Is it reasonable to believe in "magical" stories in the Bible?


If you can believe in Samson, the man with the magical hair …
I suppose you can believe in Eve having a conversation with a
snake with arms and legs.


Where do you get the idea that the serpent had arms and legs? Maybe I misread that passage…


Well, the Serpent had at least ONE set of appendages, or Yahweh’s curse against him and
his kind would be completely meaningless:

Genesis 3:14
“And the LORD God said unto the serpent, Because thou hast done this, thou art cursed above all cattle, and above every beast of the field; upon thy belly shalt thou go, and dust shalt thou eat all the days of thy life…”

One of the goals of this story is to offer a commentary on how snakes came to be.

George Brooks

Sorry Kathryn — for whatever reason the link wouldn’t load for me, so my comment was directed at George’s observation.


I guess you’re right about the belly thing — most artistic renditions don’t depict a serpent with legs however. Michael Heiser makes the observation that in Ezekiel 28 it retells the same garden scene… Except the serpent is encrusted with jewels and walks “on the stones of fires” … The same word for serpent, “nachash” also means “the shining one”.


Here’s a Michelangelo with the Serpent having arms …
but only an “implied thigh” that is actually part of the
serpent’s coil.

Clever working of the different anatomies !

Ahh I must have forgotten about the painting. I can see your reasoning behind it, but if you tell that to someone that takes the story literally they’ll probably scoff at you.

Didn’t Gilgamesh in the Babylonian Epic have an adventure that involves a serpent while on a quest for a plant that could give him eternal life, while he was taking a bath? In that story it seemed to be explaining how a snake came to shed it’s skin. The aborigines had a creation story that involved a rainbow colored serpent.

Seems the popular figure to me!

I think the explanation for “How things are” expressed in stories, is a bit overlooked when it come to the Bible.

Can you explain earlier what you meant by Samson being an allegory? I was intrigued. There also seems to be a similar motif in the story of Hannah beseeching God for a son, and then making a promise that the razor will never come across his head. In Samson, it’s the wife of Manoah that beseeches God for a son, and then makes a promise that the razor will never come across his head. Only with Samson he ends up having Herculean strength because of his hair … With Samuel he had no such abilities.


Yes… very interesting themes!

I could suggest that it was the story of Manoah that might have inspired the story of Samson. Certainly the reverse seems
unlikely. After reading the story of Samson, it would be a poor writer who decides that he’s going to make a LESS interesting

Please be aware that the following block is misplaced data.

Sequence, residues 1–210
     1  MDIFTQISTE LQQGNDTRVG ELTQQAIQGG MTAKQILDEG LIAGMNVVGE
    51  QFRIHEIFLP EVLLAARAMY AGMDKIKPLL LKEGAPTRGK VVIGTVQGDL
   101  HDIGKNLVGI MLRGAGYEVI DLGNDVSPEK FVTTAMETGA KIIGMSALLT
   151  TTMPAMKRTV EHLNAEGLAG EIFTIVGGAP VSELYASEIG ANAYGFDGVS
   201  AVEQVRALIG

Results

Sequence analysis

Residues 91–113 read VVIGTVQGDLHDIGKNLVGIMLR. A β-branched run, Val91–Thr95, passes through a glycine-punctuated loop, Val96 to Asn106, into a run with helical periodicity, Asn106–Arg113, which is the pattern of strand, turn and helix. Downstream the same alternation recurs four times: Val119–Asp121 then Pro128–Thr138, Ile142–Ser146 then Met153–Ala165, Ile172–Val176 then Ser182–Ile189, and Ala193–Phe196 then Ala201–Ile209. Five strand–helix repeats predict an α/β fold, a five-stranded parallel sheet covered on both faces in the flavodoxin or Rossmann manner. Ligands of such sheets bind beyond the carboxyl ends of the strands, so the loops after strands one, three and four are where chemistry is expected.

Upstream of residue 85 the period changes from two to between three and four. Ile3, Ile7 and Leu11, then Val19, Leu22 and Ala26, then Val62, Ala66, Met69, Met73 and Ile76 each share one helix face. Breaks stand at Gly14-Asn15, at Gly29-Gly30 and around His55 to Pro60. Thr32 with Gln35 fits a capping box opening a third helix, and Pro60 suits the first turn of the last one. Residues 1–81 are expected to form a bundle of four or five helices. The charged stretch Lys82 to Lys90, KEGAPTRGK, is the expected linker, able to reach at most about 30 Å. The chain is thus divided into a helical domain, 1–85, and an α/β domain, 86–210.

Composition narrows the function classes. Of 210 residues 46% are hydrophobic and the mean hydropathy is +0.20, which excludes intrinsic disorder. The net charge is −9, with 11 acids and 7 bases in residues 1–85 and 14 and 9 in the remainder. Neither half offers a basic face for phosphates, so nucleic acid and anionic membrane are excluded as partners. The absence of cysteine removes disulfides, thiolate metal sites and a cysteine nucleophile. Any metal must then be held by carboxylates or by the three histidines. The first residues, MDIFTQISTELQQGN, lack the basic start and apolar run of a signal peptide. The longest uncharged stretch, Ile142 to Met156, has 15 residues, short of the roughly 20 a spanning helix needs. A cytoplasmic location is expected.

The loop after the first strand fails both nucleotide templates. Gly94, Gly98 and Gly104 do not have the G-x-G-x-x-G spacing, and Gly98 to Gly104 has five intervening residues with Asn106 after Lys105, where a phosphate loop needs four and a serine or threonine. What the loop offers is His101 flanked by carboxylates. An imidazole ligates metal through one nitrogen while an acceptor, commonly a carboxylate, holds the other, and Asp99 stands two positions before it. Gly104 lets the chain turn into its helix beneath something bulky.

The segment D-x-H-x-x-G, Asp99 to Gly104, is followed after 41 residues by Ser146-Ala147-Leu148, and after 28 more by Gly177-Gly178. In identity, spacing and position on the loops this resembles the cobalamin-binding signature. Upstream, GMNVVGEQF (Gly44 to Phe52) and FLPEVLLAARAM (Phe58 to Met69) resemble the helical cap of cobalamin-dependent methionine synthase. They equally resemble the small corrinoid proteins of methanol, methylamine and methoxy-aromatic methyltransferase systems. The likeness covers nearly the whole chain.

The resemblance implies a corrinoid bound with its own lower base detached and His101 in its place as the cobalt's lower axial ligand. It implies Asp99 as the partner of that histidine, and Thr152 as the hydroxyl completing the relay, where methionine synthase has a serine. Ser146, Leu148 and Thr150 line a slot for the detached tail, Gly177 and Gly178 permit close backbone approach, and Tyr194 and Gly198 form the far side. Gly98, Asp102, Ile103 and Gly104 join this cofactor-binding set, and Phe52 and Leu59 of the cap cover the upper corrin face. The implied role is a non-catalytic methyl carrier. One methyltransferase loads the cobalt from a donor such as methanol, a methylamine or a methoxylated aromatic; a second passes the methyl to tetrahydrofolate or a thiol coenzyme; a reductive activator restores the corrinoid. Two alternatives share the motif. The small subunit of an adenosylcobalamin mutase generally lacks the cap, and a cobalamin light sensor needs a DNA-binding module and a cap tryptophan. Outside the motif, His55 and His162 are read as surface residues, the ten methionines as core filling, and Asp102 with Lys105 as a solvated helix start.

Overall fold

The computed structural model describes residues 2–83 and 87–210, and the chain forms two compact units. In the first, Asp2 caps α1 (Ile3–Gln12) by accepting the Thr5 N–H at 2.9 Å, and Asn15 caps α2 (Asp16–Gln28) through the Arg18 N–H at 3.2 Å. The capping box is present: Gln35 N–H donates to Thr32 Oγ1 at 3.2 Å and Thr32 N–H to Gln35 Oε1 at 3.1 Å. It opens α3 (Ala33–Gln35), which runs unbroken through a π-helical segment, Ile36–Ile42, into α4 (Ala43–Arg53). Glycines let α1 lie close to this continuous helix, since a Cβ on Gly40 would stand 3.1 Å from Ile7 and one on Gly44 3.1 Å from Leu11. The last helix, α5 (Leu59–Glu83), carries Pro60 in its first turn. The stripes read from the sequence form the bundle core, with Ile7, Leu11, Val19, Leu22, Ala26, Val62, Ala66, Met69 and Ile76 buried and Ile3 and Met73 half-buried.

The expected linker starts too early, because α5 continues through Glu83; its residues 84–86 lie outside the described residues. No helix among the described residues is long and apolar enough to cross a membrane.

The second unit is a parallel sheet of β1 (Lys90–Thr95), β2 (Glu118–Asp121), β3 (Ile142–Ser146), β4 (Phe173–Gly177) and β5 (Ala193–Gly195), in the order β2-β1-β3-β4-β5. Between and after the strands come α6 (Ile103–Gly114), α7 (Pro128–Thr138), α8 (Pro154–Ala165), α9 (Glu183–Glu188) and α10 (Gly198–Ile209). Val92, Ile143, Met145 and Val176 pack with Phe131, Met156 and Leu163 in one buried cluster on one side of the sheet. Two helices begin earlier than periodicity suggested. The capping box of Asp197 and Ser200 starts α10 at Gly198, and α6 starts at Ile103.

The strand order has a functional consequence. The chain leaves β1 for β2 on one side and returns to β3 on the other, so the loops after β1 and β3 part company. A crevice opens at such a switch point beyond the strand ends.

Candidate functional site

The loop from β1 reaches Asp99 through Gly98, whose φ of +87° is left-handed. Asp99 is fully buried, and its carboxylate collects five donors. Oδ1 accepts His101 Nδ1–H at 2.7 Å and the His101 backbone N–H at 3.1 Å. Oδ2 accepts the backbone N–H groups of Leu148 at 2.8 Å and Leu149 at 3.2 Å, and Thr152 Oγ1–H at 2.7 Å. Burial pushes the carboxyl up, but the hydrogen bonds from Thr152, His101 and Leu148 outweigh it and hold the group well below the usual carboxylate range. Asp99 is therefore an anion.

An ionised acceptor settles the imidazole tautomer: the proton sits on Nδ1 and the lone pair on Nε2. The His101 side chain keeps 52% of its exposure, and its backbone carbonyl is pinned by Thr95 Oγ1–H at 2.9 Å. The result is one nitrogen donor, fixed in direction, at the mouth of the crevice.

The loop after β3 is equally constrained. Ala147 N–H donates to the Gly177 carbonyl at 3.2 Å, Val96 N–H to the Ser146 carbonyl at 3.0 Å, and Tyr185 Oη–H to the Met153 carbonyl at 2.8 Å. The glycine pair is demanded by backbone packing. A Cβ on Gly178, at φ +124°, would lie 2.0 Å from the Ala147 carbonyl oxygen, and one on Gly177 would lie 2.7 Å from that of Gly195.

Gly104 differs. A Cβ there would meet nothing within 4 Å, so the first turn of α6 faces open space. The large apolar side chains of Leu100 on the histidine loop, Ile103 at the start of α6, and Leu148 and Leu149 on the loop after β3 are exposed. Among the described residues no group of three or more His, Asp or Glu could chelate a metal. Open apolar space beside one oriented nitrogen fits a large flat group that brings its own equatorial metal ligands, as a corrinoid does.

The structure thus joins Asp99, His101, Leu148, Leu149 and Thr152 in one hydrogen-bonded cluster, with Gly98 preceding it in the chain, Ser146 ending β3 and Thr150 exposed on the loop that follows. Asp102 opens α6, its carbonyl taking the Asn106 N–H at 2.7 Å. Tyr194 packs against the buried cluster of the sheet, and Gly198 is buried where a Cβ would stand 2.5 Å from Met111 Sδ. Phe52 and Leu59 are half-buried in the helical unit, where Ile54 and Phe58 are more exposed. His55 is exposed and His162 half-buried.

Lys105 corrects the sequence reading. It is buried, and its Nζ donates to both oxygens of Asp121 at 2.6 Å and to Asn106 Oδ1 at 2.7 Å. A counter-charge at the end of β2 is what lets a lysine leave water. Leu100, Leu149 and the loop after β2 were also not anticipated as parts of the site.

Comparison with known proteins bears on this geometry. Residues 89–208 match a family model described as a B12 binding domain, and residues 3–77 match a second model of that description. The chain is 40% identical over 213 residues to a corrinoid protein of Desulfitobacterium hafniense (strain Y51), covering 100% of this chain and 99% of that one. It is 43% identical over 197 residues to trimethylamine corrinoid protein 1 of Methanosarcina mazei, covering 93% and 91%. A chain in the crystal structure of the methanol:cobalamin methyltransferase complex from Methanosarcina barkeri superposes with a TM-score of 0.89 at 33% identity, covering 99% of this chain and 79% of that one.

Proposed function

As for Samson as an allegory of a solar god … this was not an idea I formulated. I read it somewhere, and I think
it makes pretty good sense. And then when I read about two different synagogues, one having a mosaic with a
clear depiction of a solar god on a solar chariot … and the other having a BLAZING SUN on a solar chariot …
well, it would make sense to me that Hebrew scribes would be motivated to take a pagan story and change it
to fit Hebrew sensibilities and “co-opt” some successful Pagan myth.

This is certainly the strategy adopted by early Christianity when entering a pagan territory. All of a sudden,
the fertility rabbit who lays EGGS (what?!) … is no longer pagan, but is a harbinger of Jesus for Easter!

Here’s a link …

So, the general trajectory of the solar allegory runs like this:

As long as the Sun shines brightly, the solar god is powerful.
Samson is the sun… because his long hair is a classic ancient
representation of a solar god’s appearance.

Also: “Samson’s Hebrew name is Shimshon meaning sunlight”

When Samson’s sunlight/hair is cut back … he becomes impotent…
and even blinded. He has no more solar power.

But, like all comparisons, there are limits to the parallels, and the story
has to be a good one on its own.


I know some Christians that don’t like Easter because of that fact … It’s pagan origins (like Christmas and the worship of Saturnelia).

I was intrigued by your link … And it does seen to make some good sense. For a rather short telling story (Judges 13 - 16) it’s amazing how many incredibly far-fetched stories take place. The miraculous birth … The magical hair … Killing 1000 with the jawbone of an ass … The beehive in the carcass of a lion … The riddle and the strange Delilah scene. And on and on.

Like Peter Enns writes there’s two different directions people go with his. The Atheist who can now say that the Bible is a lie, and for that matter the Christian that can now say it.

Or you can say that my perceptions of the Bible were a lie. And that history often got dressed up in “mythic clothing”…

I prefer the latter explanation but it is more difficult a position to defend.


Is it me or does A&E look like they’re on steroids in that painting :smile:


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